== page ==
Section 404(d)(ii) of the Law, prior to its 1980 amendments, provided in pertinent part that
[n]otwithstanding any other provisions of this section each eligible employe who is unemployed with respect to any week ending subsequent to the first day of July, one thousand nine hundred seventy-four, shall be paid, with respect to such week, compensation in an amount equal to his weekly benefit rate less the total of . . . (ii) vacation pay, if any, which is in excess of his partial benefit credit, except when paid to an employe who is permanently or indefinitely separated from his employment. . . .
In United States Steel Co. v. Unemployment Compensation Board of Review, 9 Pa. Commonwealth Ct. 206, 303 A.2d 852 (1973) we indicated the circumstances in which a claimant was to be considered indefinitely separated from his employment for the purposes of Section 404(d)(ii). We stated there that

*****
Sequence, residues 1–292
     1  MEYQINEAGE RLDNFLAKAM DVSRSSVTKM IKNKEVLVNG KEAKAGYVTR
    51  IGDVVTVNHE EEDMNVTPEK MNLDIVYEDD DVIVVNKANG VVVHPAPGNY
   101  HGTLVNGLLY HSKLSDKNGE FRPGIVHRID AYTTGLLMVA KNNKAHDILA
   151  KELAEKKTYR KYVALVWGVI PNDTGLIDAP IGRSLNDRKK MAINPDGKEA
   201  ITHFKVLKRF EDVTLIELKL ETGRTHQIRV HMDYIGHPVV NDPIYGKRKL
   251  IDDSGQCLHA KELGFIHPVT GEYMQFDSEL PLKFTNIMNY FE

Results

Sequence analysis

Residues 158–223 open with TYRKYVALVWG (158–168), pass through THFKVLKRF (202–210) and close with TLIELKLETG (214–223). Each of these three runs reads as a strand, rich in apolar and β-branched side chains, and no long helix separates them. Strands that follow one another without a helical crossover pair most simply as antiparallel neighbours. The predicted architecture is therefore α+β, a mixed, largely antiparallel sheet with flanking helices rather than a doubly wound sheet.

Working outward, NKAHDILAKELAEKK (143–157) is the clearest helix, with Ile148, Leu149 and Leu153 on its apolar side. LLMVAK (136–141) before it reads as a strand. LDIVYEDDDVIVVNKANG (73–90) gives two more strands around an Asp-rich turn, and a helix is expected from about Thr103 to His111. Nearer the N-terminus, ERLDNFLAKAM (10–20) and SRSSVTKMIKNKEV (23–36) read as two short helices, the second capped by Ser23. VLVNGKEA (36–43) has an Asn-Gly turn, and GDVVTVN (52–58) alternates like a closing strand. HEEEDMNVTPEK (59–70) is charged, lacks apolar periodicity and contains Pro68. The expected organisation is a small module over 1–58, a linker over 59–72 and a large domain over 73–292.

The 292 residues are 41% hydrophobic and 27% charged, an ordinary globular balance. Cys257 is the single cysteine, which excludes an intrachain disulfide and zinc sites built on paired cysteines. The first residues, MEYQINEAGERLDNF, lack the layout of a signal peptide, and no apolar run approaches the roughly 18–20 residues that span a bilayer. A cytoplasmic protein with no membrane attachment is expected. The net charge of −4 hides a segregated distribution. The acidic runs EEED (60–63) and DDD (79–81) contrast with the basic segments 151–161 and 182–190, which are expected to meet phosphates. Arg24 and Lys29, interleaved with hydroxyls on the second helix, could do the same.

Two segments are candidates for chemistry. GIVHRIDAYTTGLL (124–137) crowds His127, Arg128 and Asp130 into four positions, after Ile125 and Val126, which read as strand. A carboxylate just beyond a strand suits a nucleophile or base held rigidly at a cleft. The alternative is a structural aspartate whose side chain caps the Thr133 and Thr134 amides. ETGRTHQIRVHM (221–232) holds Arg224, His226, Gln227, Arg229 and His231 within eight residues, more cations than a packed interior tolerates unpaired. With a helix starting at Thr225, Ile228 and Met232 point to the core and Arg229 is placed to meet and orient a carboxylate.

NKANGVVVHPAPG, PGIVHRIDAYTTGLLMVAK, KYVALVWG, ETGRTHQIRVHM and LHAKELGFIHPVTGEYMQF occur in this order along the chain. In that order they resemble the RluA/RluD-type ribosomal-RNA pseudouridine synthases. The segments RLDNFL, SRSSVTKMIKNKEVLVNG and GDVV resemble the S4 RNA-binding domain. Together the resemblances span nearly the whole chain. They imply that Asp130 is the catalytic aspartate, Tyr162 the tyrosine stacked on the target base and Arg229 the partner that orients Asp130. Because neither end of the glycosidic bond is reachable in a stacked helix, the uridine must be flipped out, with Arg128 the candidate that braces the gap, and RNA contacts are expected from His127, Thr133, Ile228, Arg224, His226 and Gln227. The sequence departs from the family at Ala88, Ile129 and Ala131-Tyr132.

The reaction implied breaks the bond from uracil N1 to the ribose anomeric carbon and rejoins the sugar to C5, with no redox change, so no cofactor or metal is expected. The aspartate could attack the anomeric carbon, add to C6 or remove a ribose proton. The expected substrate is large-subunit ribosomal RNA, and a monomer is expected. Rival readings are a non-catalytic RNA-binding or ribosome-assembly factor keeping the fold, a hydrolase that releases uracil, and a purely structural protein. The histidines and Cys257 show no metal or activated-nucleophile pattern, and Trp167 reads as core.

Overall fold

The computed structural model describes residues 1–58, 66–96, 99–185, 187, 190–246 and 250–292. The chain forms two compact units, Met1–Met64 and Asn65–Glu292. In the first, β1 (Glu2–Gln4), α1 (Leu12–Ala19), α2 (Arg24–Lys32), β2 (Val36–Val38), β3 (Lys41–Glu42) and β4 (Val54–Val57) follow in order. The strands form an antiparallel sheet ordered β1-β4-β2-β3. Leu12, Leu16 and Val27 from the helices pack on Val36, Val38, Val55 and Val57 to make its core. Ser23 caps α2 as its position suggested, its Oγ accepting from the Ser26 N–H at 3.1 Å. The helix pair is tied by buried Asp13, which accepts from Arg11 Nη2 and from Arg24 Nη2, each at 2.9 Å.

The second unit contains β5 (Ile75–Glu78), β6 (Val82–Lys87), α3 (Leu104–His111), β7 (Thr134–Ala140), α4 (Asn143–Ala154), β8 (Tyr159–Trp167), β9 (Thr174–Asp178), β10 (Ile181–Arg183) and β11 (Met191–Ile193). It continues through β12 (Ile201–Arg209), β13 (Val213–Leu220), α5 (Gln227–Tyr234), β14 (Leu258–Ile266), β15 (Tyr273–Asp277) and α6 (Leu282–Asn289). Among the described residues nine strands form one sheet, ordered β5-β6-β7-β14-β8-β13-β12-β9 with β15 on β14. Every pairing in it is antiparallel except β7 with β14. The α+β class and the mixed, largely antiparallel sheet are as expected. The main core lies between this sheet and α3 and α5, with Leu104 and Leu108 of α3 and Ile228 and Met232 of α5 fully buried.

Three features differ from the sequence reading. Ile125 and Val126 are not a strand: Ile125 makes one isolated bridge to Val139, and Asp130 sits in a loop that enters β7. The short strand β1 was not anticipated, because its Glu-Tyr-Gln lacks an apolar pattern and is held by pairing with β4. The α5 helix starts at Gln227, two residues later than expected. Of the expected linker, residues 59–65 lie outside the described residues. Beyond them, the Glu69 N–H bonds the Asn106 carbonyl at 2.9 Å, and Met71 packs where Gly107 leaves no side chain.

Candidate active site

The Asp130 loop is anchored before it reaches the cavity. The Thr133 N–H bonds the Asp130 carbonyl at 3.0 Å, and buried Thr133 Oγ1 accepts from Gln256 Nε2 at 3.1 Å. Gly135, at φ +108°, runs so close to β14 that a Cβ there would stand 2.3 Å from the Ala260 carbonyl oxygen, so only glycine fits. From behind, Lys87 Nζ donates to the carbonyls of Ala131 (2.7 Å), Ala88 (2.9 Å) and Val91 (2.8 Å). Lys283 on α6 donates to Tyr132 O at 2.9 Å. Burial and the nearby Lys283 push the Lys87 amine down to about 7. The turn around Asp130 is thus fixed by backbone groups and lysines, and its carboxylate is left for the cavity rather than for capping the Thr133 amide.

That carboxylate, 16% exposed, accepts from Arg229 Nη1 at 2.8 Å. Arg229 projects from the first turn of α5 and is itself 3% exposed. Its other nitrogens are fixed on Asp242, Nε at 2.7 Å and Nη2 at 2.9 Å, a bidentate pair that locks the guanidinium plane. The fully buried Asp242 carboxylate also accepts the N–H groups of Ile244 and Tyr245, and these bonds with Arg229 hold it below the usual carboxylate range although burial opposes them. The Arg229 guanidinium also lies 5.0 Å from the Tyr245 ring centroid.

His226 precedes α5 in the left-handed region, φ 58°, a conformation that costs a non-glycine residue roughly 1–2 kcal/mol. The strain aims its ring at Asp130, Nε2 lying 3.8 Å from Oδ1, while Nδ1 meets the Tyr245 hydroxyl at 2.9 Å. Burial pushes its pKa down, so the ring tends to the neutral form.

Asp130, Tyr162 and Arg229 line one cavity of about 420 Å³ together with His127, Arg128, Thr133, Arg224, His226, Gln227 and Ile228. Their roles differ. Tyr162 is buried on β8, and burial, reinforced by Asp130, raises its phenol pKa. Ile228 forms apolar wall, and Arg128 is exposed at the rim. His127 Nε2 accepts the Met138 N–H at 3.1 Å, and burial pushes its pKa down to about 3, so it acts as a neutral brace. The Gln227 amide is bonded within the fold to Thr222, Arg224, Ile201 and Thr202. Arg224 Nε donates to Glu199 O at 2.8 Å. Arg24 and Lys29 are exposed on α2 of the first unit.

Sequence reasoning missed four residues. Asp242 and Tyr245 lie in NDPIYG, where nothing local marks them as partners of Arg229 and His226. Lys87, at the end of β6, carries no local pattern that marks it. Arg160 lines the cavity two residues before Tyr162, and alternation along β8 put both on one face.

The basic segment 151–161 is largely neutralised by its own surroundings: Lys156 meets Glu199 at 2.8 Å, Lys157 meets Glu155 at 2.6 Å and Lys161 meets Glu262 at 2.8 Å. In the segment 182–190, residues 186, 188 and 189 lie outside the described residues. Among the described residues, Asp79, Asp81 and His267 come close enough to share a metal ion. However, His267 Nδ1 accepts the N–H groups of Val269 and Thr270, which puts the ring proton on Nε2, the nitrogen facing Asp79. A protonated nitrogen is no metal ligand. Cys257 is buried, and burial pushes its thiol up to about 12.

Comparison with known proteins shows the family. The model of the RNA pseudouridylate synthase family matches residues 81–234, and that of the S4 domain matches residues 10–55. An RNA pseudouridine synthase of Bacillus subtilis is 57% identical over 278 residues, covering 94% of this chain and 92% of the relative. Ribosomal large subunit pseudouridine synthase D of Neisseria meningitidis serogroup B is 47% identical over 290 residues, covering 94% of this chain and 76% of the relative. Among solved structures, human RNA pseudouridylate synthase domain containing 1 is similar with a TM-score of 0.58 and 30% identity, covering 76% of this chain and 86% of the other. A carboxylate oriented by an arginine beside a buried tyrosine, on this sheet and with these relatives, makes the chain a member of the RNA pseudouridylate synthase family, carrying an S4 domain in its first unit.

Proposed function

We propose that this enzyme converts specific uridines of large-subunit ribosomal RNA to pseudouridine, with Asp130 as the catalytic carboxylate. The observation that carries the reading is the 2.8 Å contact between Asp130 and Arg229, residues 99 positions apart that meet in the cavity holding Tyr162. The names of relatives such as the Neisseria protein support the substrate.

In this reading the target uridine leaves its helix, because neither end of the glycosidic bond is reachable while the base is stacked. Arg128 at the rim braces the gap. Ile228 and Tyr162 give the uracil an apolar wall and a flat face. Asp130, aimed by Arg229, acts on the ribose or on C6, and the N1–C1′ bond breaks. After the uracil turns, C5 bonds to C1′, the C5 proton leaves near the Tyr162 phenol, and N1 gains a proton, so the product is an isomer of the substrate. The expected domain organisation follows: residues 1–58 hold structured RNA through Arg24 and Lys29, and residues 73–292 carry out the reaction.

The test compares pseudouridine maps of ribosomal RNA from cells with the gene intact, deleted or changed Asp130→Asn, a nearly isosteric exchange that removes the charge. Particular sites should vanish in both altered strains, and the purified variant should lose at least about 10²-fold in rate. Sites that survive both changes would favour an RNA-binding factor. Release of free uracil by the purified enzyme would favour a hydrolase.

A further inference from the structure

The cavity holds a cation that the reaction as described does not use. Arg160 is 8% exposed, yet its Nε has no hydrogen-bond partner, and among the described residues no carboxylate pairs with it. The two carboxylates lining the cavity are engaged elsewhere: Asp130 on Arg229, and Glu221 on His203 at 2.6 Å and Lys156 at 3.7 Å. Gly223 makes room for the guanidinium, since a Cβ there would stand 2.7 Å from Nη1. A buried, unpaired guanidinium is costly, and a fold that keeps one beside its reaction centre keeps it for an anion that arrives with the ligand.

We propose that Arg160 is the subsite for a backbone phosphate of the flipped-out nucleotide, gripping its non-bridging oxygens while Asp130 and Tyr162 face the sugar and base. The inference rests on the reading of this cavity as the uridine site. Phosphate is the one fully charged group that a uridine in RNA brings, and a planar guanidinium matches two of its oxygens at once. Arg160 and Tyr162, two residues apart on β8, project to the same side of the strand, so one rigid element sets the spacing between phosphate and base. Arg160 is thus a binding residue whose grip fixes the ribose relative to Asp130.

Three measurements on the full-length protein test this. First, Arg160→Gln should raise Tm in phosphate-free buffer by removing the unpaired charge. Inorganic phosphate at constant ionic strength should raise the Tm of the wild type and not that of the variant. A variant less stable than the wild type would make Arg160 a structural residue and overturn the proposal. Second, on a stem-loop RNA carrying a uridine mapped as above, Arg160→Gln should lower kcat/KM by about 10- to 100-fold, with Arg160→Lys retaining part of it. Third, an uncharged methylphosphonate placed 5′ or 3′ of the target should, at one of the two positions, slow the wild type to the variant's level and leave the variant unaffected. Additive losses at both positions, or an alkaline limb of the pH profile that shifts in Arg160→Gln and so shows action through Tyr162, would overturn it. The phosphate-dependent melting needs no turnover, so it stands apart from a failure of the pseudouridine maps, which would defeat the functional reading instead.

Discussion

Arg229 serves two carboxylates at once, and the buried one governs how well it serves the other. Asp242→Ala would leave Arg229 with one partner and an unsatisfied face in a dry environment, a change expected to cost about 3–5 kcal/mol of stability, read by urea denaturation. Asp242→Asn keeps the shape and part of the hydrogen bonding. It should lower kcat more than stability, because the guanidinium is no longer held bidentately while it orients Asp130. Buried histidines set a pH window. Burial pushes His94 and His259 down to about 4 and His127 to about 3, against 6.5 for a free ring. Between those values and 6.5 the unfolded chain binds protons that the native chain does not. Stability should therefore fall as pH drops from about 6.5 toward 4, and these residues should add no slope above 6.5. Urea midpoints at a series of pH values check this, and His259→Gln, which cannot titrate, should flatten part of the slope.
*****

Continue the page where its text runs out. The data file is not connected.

[t]he term "indefinite" has been defined in Webster's Third New International Dictionary as "being of a nature that is not or cannot be clearly determined: not precise . . . having no exact limits: indeterminate in extent or amount: not clearly fixed. . . ." When, as here, an employee is separated from his job for a period which is indeterminate in extent and for which the time concerned is not clearly fixed,
[ 83 Pa. Commw. Page 204]
it seems clear that he has been "indefinitely separated" from his employment. It would also appear to us that the "indefinite" nature of a separation can be ascertained either from the possibility that the employee will not be called back to work at all or from the lack of knowledge as to when any recall may occur.
Id. at 209, 303 A.2d at 855.